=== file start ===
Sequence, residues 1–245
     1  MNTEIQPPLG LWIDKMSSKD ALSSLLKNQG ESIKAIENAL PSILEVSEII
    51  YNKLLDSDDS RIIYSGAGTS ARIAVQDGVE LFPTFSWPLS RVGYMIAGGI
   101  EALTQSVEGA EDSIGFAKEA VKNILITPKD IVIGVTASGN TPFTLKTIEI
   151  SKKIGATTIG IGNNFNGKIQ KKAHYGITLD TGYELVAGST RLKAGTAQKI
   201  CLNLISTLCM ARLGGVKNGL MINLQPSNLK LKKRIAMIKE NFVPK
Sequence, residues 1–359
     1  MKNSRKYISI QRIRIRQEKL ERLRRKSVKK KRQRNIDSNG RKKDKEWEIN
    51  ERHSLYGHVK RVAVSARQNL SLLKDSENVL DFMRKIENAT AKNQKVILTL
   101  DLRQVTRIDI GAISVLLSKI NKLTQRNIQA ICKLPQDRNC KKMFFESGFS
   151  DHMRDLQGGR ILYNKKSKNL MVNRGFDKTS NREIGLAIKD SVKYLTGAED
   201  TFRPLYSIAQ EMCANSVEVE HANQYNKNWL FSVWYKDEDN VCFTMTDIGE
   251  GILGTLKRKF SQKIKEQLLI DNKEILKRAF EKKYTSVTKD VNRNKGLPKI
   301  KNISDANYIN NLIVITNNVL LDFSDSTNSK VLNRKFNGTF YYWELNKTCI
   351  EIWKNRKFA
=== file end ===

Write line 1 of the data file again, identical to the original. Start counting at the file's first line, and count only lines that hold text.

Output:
Sequence, residues 1–245